Do you find yourself critical of your ex’s parenting? Bemoan the fact that you can’t banish your former spouse from your life, because of your kids? If you let your opinions and emotions rule, you won’t be able to have an effective co-parenting relationship. Here are three reasons why you need one.
Co-parenting with your ex creates safety and stability for your kids. Conflict hurts children more than divorce itself. If you and your ex are unable to get along, and your interactions are punctuated by anger and drama, your kids will grow up in a war zone. They’ll have a hard time focusing on the developmental tasks of childhood and adolescence – mastery, self-concept, self-agency – if they live in a constant state of anxiety, wondering when the next skirmish will erupt. Your children may try to manage uncertainty by acting out to get attention or becoming premature adults. So try to put your feelings for your ex aside. Pretend he or she is your business partner or co-worker and you must work together to ensure that your endeavor – your children’s mental health – is successful.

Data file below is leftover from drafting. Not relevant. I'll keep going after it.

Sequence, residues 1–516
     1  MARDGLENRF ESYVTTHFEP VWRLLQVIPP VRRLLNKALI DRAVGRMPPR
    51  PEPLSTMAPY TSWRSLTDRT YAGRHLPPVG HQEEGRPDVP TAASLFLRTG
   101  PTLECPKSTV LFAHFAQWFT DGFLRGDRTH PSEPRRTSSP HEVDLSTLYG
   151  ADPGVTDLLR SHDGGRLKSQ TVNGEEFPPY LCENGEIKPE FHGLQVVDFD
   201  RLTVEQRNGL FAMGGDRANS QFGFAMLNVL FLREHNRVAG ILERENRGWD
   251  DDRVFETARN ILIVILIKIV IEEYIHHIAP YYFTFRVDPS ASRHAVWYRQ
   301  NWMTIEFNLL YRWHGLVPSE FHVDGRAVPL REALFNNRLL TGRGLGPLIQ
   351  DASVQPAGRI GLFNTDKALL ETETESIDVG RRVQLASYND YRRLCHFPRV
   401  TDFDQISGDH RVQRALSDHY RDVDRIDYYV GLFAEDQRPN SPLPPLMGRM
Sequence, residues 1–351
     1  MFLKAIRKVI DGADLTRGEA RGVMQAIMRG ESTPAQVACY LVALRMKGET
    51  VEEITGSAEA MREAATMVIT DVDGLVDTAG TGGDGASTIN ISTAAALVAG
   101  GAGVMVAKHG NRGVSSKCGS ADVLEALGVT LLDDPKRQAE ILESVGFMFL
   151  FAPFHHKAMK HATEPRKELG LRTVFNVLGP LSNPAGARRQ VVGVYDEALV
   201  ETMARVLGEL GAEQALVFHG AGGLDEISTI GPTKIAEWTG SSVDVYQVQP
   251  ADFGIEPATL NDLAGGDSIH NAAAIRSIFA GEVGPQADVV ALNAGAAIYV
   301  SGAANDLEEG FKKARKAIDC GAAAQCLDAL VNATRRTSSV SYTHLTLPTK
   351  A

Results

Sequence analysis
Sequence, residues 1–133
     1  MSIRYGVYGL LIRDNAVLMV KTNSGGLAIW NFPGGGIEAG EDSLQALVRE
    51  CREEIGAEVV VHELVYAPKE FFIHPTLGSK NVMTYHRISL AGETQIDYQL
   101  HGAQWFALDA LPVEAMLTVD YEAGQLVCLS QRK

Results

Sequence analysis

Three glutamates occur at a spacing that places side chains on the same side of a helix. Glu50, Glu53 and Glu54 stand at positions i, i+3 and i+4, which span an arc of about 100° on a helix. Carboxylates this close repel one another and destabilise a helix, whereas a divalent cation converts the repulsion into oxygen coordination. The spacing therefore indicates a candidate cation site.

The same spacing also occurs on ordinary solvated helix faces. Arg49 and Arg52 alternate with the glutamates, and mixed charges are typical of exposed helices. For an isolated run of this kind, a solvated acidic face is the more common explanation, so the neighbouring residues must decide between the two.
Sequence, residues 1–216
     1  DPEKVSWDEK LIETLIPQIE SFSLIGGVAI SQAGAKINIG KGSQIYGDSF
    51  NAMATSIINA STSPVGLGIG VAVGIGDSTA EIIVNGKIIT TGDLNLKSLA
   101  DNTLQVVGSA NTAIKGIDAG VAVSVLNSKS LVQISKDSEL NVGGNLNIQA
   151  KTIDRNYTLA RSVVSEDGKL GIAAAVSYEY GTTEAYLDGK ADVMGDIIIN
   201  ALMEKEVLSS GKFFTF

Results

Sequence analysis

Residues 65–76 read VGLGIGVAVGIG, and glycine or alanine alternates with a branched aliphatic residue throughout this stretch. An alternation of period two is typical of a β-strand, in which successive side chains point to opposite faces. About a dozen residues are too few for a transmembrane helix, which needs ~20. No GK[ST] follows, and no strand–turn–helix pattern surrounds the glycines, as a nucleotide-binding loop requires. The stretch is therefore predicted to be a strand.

Co-parenting with your ex shows your kids how to be a mature adult. Your children are watching you! And listening too. Watching their parents feud, or simply be inept at collaborating, will confuse kids about how a grown-up is supposed to act. Think long and hard about the lessons you want to impart. Do you want to teach your children about resentment and revenge? Or do you want to be a living example of conflict resolution, self-control, and personal growth? Think of co-parenting as an opportunity to show your kids how to be a mature adult.
Co-parenting helps you to move on with your life. Co-parenting can have it’s challenging moments, but no matter how ineffective a parent you may view your ex to be, blaming him or her for your co-parenting woes, and your children’s problems, will just give your ex more power – over your emotional well-being and quality of life. You can’t control your ex’s co-parenting efforts, but you can control your own. Do everything you can to communicate appropriately, manage your emotional reactivity, and squash urges to bad-mouth. Take an objective view of challenges. If the issue is something truly serious, such as an ex failing to show up for parenting time or violating other terms of your custody agreement, bring it to your attorney for appropriate next steps.
Wondering how you can best smooth the divorce transition for your children? Need help co-parenting with your ex? For assistance with child custody and child support issues, and all other matters related to divorce, our compassionate family law attorneys are here to help. Please call us at 888-888-0919 to schedule your free initial consultation, or click the button below.